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Neighborhoods

Greenway Parks

Greenway Parks is a significant Dallas neighborhood for its distinctively platted design in 1927 by David R. Williams as the first pedestrian oriented neighborhood in Dallas, with its unique park-like setting. The developer of Greenway Parks, Frank Neal Drane, purchased the land located just west of the Dallas North Tollway and north of Mockingbird Lane in 1925. Drane hired Williams, an architect known for his Texas Regionalist style, to design a plan to suit the 150 acres of land. The large lots, tree-lined streets, and private parks make this National Historic Register nominee neighborhood a Dallas gem! Porter Lindsley of J.W. Lindsley, the sales agents of Greenway Parks stated, “Greenway Parks is more than just another addition—it is the evolution of a wholly modern idea, one strikingly unique and the first exclusive residential section of its kind ever opened in the South”( The Dallas Morning News, 1927). The collection of early 20th century one- and two-story residences is built along the pattern of English commons facing shared greenways.

A variety of important businessmen, educators, and philanthropists made their residence in Greenway Parks including Edmund J. and Louise Kahn (5318 Drane Dr.). Edmund Kahn a former president of the Dallas Cotton Exchange and later independent oil producer served as chair of the Dallas City Planning Commission and established the Dallas County Community College District. Louise Kahn was an officer of the Historic Preservation League and a member of the Dallas Historic Landmark Committee. During their lives the Kahns contributed over $20 million dollars to foster education and the arts in Texas.

Ben Lipshy (5381 Nakoma) along with his brother in law, Morris B. Zale established the Zale Jewelry business. Mr. Lipshy later became president of the company in 1957 expanding the company’s retail stores and became the first retail jeweler to buy rough diamonds directly from the DeBeers Cartel.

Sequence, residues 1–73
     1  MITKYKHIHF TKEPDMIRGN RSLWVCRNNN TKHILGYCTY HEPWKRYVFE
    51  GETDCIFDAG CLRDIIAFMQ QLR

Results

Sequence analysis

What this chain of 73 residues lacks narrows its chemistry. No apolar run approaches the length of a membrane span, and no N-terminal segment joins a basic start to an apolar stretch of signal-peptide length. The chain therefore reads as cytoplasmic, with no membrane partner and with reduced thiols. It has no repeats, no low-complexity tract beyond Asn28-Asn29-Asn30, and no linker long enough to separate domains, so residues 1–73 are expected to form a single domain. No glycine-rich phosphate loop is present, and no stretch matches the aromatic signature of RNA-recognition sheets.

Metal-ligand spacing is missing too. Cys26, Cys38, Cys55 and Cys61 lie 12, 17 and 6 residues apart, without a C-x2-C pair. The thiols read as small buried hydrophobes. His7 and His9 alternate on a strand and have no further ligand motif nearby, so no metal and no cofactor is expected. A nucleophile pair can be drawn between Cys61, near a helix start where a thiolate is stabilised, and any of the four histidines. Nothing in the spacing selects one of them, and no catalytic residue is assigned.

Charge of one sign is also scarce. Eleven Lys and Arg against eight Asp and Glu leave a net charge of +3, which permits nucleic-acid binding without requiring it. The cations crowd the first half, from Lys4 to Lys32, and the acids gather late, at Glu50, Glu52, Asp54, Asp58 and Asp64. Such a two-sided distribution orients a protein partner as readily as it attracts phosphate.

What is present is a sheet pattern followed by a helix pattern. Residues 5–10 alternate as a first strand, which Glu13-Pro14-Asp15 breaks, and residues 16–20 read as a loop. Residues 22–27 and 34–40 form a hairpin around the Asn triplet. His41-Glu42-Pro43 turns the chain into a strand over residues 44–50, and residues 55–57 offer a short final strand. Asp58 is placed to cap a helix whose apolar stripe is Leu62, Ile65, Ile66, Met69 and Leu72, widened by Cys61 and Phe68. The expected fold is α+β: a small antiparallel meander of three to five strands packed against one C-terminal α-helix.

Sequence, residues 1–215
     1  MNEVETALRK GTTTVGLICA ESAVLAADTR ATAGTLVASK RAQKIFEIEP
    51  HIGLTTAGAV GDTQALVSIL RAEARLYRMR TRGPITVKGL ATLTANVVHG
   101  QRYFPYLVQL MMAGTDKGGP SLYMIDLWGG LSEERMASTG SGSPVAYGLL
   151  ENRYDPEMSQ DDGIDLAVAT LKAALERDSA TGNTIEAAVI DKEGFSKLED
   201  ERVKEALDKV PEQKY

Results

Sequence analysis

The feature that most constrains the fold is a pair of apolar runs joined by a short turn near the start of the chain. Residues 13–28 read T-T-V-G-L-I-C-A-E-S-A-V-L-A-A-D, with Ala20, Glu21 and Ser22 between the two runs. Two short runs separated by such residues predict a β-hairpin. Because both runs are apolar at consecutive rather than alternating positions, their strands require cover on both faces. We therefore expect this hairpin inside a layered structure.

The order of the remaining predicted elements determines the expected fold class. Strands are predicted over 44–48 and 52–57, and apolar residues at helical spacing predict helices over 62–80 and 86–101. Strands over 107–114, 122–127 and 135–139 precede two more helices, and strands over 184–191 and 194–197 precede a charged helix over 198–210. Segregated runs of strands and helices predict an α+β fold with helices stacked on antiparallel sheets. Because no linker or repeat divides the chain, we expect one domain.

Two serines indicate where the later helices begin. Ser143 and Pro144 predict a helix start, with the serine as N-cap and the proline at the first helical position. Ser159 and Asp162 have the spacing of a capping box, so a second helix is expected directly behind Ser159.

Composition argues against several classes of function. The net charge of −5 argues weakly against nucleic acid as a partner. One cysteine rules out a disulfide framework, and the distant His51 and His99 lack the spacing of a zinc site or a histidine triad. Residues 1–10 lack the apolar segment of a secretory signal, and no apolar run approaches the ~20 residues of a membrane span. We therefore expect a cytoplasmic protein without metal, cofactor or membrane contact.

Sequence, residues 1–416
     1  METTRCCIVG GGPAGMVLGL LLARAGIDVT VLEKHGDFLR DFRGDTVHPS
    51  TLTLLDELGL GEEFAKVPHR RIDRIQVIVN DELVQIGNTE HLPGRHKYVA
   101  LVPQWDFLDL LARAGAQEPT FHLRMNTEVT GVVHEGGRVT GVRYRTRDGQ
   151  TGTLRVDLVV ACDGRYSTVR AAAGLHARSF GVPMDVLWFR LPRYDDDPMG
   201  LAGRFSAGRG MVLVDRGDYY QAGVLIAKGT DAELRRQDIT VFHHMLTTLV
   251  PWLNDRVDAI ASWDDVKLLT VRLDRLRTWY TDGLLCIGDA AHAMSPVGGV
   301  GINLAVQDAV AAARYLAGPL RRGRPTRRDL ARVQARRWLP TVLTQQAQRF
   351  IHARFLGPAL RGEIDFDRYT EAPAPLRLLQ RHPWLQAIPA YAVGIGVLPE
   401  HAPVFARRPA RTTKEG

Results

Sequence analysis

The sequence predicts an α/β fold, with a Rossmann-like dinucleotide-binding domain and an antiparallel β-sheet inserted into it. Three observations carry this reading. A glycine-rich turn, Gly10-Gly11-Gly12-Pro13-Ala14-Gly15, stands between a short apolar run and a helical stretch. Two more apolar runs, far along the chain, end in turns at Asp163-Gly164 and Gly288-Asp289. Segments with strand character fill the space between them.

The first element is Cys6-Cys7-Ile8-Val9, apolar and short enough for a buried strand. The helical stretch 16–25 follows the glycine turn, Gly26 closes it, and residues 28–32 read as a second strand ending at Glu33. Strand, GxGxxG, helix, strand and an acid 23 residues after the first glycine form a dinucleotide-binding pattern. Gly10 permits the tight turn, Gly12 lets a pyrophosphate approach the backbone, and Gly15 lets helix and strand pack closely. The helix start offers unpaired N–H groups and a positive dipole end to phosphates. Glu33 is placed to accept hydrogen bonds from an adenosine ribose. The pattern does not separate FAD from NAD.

Dr. Norman R. Crozier (5414 Drane Dr.) served as superintendent of the Dallas Independent School District (1924- 1940) and was responsible for the construction of 27 new schools and additions to 17 others. The Dallas Technical School was renamed Norman R. Crozier Technical High School in 1942 to honor his enduring legacy.

John M. Stemmons known as a faithful patriarch of the City of Dallas, joined ranks with his father, Leslie Allison Stemmons, in the Industrial Properties Corporation in 1931. In 1939, John Stemmons developed the over ten-thousand acres of land in Trinity Levee district to control the Trinity River. Here railways and roads were built along with US Hwy 35-E (1959), known as Stemmons Freeway. The area which was once a flood plain now is referred to as “Stemmons business corridor” and is the site of the Industrial District, Dallas Market Center, and the Design District.

Architecturally, Greenway Parks encompasses the styles of seven decades including romantic revival storybook styles of the 1920s, Modern ranch residences of the 1950s, and the large European-inspired residences of the late 1990s. Houses of architectural significance include those by famed architects Howard Meyer, David R. Williams, Charles Dilbeck, and builders Fooshee and Cheek. Greenway Parks was made a City of Dallas Conservation District in May of 2003, a tribute to its outstanding architecture and planning.

Author: Sarah Sibly
Editor: Michael Hazel
Photos: Discover Dallas! volunteers




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